Taoiseach must answer questions on his new Communications Unit
Labour leader Brendan Howlin has described the Taoiseach’s Strategic Communications Unit as a vanity propaganda project, and a means of providing further communications advice to the Taoiseach without properly appointing special advisers.
Deputy Howlin said:
“Never before has the establishment of a communications unit been handled with so much secrecy. We have been told who will head up the new unit, but not his salary or grade. We don’t know how many people will work in the unit. And we don’t know what it will cost the taxpayer.
“The Taoiseach said in reply to my questions to him on 12th July that he does not ‘believe an adequately coherent message is coming from Government’. This new unit he plans is in effect a parallel, propaganda unit to be established within the Department of An Taoiseach for political purposes. It will replicate the work of the Government Information Service but with the new aim of achieving political objectives.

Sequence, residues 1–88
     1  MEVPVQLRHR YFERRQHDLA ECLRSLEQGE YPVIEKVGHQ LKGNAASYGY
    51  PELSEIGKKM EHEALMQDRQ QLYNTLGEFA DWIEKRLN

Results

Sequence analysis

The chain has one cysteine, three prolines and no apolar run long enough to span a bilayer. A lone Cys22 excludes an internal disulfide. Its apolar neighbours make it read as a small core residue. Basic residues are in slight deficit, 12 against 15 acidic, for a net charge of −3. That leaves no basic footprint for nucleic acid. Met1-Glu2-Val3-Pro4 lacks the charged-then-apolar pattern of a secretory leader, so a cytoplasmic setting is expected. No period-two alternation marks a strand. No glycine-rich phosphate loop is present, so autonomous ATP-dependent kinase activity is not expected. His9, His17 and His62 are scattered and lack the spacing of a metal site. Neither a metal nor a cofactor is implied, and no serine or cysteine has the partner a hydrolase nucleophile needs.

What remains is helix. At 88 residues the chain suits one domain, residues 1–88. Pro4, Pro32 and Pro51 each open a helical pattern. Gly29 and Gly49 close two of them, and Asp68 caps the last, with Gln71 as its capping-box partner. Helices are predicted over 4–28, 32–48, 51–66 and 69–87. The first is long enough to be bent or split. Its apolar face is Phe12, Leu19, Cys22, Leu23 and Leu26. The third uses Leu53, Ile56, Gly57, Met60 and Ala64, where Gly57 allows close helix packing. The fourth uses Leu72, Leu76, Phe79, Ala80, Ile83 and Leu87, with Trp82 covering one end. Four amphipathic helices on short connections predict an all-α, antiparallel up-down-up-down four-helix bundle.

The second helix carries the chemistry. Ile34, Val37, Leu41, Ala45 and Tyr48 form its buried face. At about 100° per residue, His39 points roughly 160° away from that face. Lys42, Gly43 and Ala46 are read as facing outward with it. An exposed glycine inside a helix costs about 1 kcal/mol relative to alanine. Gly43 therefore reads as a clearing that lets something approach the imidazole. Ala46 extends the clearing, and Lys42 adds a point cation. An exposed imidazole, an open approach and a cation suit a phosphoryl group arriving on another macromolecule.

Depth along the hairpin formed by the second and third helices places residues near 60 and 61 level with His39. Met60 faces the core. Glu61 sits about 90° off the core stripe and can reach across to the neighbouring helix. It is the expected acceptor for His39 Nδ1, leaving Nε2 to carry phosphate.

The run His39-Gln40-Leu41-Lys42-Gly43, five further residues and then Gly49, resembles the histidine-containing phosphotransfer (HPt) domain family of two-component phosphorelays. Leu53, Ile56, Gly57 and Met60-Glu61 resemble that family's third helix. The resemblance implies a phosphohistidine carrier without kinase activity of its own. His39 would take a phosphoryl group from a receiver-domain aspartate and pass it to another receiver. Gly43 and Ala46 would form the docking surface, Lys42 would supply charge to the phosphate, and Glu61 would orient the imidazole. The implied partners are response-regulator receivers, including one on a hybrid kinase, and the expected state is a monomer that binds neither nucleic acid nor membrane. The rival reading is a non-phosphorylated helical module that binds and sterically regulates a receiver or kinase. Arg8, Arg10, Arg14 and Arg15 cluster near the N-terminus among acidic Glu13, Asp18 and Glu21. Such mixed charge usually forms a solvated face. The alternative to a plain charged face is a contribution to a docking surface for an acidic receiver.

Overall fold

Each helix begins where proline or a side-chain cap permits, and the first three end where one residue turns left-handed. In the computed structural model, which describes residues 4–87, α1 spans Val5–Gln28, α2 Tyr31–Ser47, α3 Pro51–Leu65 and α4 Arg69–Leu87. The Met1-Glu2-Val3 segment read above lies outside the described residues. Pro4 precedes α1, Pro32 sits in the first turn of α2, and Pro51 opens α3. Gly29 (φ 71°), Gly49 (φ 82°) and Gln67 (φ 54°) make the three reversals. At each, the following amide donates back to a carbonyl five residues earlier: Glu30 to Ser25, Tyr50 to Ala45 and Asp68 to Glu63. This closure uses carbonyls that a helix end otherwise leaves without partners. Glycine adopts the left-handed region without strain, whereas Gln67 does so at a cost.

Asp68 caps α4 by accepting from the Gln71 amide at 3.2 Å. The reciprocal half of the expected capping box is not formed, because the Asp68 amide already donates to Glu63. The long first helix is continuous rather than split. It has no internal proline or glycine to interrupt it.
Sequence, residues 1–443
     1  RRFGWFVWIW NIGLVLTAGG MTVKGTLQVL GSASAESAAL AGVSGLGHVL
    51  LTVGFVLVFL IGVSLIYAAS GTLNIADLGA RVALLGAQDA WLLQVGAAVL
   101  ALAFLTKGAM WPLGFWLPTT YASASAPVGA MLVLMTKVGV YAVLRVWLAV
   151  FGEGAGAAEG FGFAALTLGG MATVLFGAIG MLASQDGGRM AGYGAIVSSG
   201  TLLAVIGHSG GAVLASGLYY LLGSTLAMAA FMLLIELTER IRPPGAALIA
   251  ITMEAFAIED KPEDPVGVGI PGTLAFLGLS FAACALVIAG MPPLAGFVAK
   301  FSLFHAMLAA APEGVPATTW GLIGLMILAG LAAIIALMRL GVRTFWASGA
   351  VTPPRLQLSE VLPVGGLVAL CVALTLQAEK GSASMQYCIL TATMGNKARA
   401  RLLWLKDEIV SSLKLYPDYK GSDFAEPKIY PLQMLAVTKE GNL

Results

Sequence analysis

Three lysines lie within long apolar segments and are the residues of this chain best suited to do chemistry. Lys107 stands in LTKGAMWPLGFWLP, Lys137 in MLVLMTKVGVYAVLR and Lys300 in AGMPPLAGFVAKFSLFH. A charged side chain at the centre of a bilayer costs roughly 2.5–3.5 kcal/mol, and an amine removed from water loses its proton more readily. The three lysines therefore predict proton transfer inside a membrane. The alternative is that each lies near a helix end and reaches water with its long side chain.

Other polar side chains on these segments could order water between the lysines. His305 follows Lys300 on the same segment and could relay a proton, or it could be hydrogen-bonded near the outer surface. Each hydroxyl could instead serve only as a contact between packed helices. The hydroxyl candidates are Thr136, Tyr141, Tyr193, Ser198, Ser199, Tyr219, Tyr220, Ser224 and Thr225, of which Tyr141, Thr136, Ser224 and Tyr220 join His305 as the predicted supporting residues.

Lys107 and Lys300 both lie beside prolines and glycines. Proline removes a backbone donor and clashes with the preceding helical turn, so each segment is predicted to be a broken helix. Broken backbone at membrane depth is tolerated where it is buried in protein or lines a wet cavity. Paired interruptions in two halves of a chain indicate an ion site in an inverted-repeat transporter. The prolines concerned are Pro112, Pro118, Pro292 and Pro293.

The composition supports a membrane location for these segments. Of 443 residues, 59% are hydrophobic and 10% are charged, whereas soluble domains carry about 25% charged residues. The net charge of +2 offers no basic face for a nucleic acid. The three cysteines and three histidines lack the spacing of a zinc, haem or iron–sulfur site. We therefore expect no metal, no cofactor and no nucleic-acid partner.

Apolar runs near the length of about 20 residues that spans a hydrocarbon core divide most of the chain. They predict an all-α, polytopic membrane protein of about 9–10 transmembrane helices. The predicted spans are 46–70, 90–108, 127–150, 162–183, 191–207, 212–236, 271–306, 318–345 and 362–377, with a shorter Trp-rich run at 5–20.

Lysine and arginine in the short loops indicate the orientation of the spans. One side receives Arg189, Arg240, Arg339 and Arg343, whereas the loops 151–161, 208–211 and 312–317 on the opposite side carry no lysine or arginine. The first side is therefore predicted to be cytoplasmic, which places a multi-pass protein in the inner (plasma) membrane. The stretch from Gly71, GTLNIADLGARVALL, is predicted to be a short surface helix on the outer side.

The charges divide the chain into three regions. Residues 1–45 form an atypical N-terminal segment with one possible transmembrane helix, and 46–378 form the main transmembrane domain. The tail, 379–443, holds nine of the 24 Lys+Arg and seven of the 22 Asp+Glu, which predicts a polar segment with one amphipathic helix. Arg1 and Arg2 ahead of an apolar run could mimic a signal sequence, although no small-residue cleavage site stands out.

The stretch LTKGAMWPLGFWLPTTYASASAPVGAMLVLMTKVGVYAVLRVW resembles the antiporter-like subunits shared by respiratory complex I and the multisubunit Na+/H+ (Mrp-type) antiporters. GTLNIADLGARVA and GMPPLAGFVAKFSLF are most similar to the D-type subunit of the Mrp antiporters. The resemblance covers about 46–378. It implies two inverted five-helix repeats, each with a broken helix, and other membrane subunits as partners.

“It has happened in the past that individual civil servants have been seconded to work for Government Ministers. But in such cases, these have been acknowledged as political appointments. The Taoiseach cannot hand pick staff from across the public sector, and then claim that they are not political appointments. If this new unit does not have a political purpose, then all roles within it, including the most senior role, should be advertised and open to all civil servants to apply for.
“If the Taoiseach had said publicly that the Government Information Service was in need of reform, that might have been reasonable. But to create a parallel structure, with what appears to be exactly the same role description as that of the GIS is bizarre. It’s about time the Taoiseach outlined the exact purpose of having two such units in his Department, the grade and salaries of the head of the unit, how appointments are being made to it, and the additional cost to the taxpayer of this unit.”
Brendan Howlin questioned the Taoiseach on his proposed Strategic Communications Unit on the 12th July in the Dáil.